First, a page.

One of the great things about our new, socially networked world is that it expands out tastes -- supposedly. In theory, seeing what our friends like should help us discover new music, movies, and books. In reality, it doesn't work that way: A new study from Harvard's Berkman Center for Internet and Society shows that the opposite is true. According to the sociologists Kevin Lewis, Marco Gonzalez, and Jason Kaufman, our online friends' tastes don't have much of an effect on us; in fact, we might be using their tastes to figure out what not to like. ("Social selection and peer influence in an online social network" appears in this month's Proceedings of the National Academy of Science.)
Lewis, Gonzalez, and Kaufman tracked the public Facebook profiles of about 1,400 college students from a single, unnamed college for a four-year period. They found that, on the whole, friends weren't influenced by other friends' tastes. Tastes in music, movies, and films weren't especially "contagious." The exceptions were classical music and jazz: If you made friends with a classical music or jazz fan, you were more likely to start "liking" that sort of music, too -- probably, the researchers suggest, because having a taste for classical or jazz is a "high-status cultural signal."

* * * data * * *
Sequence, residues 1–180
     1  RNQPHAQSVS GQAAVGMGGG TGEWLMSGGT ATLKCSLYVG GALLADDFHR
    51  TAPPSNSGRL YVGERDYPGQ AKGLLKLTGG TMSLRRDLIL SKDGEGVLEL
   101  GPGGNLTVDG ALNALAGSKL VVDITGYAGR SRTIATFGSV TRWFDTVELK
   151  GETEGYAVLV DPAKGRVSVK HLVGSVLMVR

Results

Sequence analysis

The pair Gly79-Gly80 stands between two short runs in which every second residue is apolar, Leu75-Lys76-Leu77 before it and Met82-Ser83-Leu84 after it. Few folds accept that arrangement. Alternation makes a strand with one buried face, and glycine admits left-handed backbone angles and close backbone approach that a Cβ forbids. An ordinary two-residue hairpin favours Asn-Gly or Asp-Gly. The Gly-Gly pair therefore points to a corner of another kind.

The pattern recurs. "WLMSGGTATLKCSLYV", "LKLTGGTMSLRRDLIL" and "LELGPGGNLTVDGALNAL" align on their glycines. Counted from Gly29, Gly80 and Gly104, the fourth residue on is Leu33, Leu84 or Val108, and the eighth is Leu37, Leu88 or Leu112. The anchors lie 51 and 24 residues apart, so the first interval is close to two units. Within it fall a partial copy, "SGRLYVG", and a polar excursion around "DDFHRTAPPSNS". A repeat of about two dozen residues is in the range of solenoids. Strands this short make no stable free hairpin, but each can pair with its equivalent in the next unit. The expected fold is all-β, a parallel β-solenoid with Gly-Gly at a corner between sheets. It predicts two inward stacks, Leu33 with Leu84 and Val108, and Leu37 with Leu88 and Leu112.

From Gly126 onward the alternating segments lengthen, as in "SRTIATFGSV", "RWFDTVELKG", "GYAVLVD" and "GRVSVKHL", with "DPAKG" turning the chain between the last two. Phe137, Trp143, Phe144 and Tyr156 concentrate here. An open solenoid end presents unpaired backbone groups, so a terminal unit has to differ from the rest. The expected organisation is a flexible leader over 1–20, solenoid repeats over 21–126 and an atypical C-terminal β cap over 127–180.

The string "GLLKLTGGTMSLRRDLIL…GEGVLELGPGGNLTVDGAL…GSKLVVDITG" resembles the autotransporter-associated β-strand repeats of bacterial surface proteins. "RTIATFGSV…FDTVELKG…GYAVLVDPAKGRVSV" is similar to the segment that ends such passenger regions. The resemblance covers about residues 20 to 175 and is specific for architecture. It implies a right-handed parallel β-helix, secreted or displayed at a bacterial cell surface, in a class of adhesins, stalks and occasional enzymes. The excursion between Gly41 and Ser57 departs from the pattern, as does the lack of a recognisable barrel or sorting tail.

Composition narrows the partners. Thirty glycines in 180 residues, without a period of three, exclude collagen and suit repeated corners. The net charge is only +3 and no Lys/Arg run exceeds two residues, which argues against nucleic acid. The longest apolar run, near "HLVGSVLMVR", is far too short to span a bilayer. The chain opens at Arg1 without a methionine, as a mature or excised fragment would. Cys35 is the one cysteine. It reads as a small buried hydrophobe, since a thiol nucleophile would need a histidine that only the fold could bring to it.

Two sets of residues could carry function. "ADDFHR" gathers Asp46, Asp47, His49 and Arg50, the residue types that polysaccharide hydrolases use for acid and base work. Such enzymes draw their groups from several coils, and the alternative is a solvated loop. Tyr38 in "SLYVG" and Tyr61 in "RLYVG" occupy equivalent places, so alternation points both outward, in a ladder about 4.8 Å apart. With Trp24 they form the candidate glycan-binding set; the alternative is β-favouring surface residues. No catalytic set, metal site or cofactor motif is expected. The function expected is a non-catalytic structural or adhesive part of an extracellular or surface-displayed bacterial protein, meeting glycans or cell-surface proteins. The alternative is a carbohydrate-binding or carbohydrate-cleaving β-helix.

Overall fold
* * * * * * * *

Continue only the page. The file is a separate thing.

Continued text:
The best part of the study has to do with students who liked alternative or indie music: Their tastes tended to diverge from the tastes of their friends over time. "Students whose friends list tastes in the 'indie/alt' music cluster are significantly likely to discard these tastes in the future—an instance of peer influence operating in the opposite direction" from what you'd normally predict. Indie kids can use Facebook to find out what's too popular, and then "symbolically distance themselves" from their too-mainstream peers. It's too bad there isn't a "Don't Like" button. [Via ReadWriteWeb.]
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